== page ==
Tessellations in geometry
A couple of examples of tessellations in geometry are shown below:
Tessellation with rectangles
Tessellation with equilateral triangles
What makes the above tessellations?
1) The rectangles or triangles are repeated to cover a flat surface
2) No gaps, or overlaps between the rectangles or the triangles
A tessellation is also called tiling.Of course tiles in your house form a tessellation
Not all figures will form tessellations in geometry
When a figure can form a tessellation, the figure is said to tessellate
Every triangle tessellates
Every quadrilateral tessellates
Why can we say with confidence that the above 2 statements are true?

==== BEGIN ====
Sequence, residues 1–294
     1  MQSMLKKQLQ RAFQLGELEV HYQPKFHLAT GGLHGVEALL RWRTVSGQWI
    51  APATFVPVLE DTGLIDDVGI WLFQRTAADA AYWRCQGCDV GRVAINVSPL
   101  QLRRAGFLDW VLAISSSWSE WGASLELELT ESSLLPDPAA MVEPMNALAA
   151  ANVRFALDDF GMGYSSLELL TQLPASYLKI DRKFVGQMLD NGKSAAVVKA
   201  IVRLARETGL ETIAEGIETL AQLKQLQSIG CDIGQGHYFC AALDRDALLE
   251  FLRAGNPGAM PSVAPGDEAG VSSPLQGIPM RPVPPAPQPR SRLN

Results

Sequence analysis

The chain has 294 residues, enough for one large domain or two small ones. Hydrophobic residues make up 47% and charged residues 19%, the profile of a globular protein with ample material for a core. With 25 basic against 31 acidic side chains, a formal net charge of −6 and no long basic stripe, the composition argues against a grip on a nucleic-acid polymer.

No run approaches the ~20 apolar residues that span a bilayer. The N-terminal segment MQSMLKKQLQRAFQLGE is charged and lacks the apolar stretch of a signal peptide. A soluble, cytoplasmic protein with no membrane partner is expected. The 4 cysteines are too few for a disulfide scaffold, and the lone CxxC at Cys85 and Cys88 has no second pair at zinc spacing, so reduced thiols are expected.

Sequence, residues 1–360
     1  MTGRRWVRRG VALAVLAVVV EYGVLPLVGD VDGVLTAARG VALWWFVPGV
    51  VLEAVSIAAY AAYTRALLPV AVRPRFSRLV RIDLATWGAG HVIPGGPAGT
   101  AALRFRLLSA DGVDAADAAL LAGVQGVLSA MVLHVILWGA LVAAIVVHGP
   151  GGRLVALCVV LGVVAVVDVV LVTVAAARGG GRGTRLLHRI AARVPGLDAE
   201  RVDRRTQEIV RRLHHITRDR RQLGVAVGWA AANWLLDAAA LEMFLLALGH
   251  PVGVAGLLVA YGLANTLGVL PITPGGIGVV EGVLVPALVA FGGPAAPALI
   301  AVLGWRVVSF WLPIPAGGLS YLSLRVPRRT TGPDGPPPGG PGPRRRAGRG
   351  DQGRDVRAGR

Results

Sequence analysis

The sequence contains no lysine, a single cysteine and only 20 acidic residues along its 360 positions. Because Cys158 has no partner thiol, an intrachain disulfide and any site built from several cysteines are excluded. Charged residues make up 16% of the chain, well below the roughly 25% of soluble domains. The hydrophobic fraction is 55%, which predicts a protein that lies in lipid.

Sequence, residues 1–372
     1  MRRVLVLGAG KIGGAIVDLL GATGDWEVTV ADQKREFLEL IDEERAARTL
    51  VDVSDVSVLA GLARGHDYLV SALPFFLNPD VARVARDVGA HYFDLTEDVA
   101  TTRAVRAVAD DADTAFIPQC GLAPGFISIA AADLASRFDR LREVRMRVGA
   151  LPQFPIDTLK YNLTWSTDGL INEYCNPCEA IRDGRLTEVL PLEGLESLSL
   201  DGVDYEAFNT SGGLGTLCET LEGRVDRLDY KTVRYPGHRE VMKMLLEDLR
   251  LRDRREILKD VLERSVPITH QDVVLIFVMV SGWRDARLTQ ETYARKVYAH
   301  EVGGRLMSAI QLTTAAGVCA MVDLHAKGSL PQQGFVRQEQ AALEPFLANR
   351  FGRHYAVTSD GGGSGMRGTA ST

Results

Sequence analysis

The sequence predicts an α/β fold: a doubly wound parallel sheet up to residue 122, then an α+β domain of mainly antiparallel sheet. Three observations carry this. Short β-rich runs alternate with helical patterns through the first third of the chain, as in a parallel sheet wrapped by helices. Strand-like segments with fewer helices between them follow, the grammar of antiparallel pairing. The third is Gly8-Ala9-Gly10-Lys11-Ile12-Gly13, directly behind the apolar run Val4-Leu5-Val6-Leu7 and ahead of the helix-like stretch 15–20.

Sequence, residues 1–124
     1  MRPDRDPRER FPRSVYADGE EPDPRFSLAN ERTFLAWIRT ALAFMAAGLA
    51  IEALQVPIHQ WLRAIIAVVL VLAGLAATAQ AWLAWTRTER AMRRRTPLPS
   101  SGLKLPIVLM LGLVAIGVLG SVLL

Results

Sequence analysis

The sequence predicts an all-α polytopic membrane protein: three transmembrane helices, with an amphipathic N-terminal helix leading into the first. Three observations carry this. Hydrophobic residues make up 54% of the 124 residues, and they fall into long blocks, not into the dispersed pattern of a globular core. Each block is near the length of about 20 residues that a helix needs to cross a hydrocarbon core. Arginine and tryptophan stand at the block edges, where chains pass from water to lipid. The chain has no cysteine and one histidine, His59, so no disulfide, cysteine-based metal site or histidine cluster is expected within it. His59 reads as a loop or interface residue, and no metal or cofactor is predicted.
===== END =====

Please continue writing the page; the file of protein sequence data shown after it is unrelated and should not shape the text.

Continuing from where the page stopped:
Well, since there are no gaps and no overlaps, the sum of the measures of the angles around any vertex must be equal to 360 degrees as seen below with red circles
Therefore if the measure of an angle of a figure is not a factor of 360, it will not tessellate
We can use then the formula to find the interior angle of a regular polygon to check if a figure will tessellate
Interior angle of a regular polygon = [180 × (n-2)] / n
Let's say n = 5. This is a pentagon
Interior angle of the pentagon = [180 × (5-2)] / 5
Interior angle of the pentagon = [180 × 3] / 5
Interior angle of the pentagon = 540 / 5
Interior angle of the pentagon = 108 degrees
There is no way to make 360 with 108 since 108 + 108 + 108 = 324 and 108 + 108 + 108 + 108 = 432
Therefore the pentagon will not tessellate as you can see below:
The gap is shown with a red arrow!
Tessellations can happen with translations, rotations, and reflections.
Oct 15, 18 11:05 AM
why the rule of 72 works- math explanation of where the 72 came from.
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